Anatomy and Art

a blog by Sara Egner

Archive for the ‘aging’ tag

What Aging Looks Like

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I have been meaning to post this one for a while now, but the holidays got away with me. Sofia Wraber and Nanna Kereutzmann first put together a documentation of 101 men from ages 0-100 as a class project for the Danish School of Media and Journalism.  They then went on to create the same style of series with 101 women.

The effect is that you get a really interesting portrayal of the aging process, from birth to old age.  At one point I read that the models used were all from the same family, but I haven’t been able to find that tonight, so I can’t be certain about that.  You don’t see any ethnic diversity though, so the emphasis remains on the aging process rather than individual differences.

I encourage you to check out both series in their entirety at the link provided above.

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January 3rd, 2013 at 10:47 pm

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Meet Simon…

Simon is one of the default figures from the program Poser.  I recently grabbed him for use in a 3D animation we are creating about cataract surgery.  The thing is, he’s the oldest looking head I could find in our files, but he still doesn’t look old enough to be having cataract surgery to me.

Now, initially, I thought that I could make my facial adjustments in Poser and import that work directly into 3DsMax.  The catch with that was, that while there are a lot of cool facial adjustments that Poser allows you to make, the adjusted texture map wasn’t exporting correctly, so you were left without use of the photo realistic skin.  I used one such image for the animatic, and simply created a basic skin tone for the figure.  Here is one of the stills from that scene and you can see that a lot of work would need to happen to make that skin come across more realistically…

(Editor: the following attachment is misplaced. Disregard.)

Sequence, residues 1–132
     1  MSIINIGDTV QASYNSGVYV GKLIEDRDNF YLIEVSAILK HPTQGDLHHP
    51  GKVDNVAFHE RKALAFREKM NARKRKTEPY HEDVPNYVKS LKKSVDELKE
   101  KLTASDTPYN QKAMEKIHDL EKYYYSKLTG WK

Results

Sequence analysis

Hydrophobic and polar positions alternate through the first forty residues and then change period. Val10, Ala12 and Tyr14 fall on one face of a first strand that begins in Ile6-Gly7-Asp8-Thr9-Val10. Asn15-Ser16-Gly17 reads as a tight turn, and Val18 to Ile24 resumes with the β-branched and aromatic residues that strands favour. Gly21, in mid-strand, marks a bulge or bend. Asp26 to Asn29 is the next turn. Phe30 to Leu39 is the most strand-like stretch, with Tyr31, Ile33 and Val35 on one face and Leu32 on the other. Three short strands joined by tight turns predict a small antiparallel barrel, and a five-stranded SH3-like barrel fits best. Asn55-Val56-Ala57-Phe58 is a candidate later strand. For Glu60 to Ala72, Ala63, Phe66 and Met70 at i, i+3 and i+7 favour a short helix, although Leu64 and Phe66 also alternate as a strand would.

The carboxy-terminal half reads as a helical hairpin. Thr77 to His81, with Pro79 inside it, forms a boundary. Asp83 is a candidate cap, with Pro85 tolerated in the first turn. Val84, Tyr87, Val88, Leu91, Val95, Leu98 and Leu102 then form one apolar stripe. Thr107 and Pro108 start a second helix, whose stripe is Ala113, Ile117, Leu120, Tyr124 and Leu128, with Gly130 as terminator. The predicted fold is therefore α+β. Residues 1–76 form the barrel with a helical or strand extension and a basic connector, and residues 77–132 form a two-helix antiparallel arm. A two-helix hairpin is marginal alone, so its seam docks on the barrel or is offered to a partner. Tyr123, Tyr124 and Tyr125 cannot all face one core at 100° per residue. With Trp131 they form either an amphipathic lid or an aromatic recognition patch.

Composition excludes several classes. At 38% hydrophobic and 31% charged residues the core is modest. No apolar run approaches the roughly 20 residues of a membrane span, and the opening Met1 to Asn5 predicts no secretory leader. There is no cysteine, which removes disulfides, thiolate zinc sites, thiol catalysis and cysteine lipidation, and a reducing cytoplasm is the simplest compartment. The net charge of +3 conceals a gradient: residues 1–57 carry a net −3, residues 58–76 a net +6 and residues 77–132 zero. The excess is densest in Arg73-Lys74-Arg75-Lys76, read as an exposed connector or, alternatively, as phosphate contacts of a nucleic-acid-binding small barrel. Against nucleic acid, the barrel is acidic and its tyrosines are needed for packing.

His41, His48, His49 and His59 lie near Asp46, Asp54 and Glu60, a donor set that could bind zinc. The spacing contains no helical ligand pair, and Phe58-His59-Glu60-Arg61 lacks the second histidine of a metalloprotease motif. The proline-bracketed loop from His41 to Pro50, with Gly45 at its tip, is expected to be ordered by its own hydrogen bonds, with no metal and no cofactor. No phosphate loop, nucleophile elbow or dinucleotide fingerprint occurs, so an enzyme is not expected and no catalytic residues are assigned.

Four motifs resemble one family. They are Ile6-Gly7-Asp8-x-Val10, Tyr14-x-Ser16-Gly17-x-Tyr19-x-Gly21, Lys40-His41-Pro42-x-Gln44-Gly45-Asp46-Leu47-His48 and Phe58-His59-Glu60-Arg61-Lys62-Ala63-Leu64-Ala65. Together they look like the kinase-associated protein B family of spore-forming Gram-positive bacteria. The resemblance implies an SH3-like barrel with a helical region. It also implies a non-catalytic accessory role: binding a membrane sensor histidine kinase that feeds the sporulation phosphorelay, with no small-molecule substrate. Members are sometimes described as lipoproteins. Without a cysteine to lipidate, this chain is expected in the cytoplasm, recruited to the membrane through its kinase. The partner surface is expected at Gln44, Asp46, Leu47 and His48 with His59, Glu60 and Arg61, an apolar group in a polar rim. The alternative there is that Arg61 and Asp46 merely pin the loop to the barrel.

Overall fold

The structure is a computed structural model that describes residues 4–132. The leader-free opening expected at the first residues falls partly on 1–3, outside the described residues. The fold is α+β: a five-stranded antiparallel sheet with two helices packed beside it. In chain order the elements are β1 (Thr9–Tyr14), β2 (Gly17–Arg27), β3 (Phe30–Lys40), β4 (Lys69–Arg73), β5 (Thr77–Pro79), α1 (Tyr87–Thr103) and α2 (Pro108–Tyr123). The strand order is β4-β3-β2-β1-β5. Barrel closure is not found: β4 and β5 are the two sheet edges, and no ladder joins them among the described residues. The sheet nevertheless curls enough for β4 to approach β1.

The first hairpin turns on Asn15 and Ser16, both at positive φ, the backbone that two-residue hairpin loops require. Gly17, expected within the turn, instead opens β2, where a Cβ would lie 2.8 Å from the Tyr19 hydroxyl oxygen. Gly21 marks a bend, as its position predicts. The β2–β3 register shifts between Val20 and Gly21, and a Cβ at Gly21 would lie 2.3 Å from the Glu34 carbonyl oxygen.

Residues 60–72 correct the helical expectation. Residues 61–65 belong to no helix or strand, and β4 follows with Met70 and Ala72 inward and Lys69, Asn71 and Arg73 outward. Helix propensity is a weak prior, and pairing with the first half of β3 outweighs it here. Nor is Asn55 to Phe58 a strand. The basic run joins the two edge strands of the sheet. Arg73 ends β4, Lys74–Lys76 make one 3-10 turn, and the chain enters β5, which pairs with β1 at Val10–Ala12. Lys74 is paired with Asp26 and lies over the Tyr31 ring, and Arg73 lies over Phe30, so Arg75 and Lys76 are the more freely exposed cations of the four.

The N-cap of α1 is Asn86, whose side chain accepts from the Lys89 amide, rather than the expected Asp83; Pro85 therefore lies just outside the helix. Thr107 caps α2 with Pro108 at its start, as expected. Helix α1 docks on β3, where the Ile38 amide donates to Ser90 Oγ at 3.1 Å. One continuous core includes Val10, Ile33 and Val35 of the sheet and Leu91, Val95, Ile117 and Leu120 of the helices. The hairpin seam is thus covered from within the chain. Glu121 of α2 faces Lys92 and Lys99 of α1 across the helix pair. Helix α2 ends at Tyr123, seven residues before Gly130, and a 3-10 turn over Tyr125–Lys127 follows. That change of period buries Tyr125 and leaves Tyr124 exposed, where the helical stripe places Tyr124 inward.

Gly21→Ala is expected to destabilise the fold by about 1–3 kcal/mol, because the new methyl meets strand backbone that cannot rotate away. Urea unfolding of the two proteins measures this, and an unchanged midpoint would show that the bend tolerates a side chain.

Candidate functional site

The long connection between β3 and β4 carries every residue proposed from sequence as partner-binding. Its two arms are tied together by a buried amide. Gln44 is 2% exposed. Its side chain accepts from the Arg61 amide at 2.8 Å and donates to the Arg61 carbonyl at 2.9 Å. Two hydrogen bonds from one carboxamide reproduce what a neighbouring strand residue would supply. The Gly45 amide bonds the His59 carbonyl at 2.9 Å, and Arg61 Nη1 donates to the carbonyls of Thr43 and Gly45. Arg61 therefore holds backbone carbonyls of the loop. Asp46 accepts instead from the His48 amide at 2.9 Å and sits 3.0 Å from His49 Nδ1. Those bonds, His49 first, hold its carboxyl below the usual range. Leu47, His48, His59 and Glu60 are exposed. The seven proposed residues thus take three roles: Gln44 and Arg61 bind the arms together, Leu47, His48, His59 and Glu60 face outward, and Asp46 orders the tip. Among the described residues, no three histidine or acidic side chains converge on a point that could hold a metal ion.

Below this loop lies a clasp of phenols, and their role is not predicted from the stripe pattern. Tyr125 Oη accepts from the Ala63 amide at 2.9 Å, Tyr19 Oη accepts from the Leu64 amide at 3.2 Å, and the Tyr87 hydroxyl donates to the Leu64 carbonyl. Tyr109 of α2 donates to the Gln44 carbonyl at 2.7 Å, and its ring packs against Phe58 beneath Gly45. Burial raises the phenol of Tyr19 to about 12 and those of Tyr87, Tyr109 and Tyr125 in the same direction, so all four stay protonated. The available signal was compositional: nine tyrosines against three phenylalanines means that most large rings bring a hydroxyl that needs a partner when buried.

Texture maps are actually pretty strange looking when unwrapped to a 2D plane.  So rather than trying to paint a new texture map for this head, and have to guess at where the nose and lips should be to paint them in, I decided to go back to the original Simon with the good texture map and see what adjustments I could make to that outside of Poser.

The first area I looked at were the eyes.  I wanted to make them baggier and I needed the eyebrows to show some graying.  I drew some simple wrinkles into a bump map and placed that into the material in 3DsMax and got the following…

The outcome was a far cry from perfect, but allowed me to see how this was going to work.  So I went back to work on it.  I further grayed the eyebrows, and started finding good pictures of people with strong wrinkles.  This whole week I’ve felt like Dr. Frankenstein, sifting through old people to harvest their wrinkles for my own creation!  I also made some minor adjustments to the heads shape itself in 3DsMax using the paint deformation modifier.  This allowed me to push and pull certain areas without ruining the texture map’s positioning.  Stamping wrinkles into a bump map layer in Photoshop, I wound up coming up with something like this…

..which when applied as a bump map to the head’s material, gives you awesome wrinkles!

And in his latest incarnation, he has been toned down to look like this…

He still needs a little more work, but for now, I’m really happy with the aging I’ve managed to get on him.  The shape changes are subtle, but they help.  The wrinkles are playing off pretty naturally, and I’m really excited about that.  I just need to find a few more and then I can go into futzing with the way the skin handles light.

Overall though, this has just been a really neat project.  So often when we think about aging, it’s a worry, it’s unwanted.  But this has been an awesome chance to just study faces and enjoy how cool some of these “ravages of time” really are.  I like that our faces change over our lives.  It’s neat.  Someone reminded me recently that wrinkles run perpendicularly to muscle striations in the face, and looking at so many of them for so long, it feels like a very human thing.  It’s like, in time we reveal our inner workings, let down the mask a little.  Don’t get me wrong, I’m not exactly anxious to take on so many lines myself here yet, but they are neat.  They tell a story.  And aging this little digital man is really fun.

Written by Sara

February 14th, 2010 at 3:38 pm

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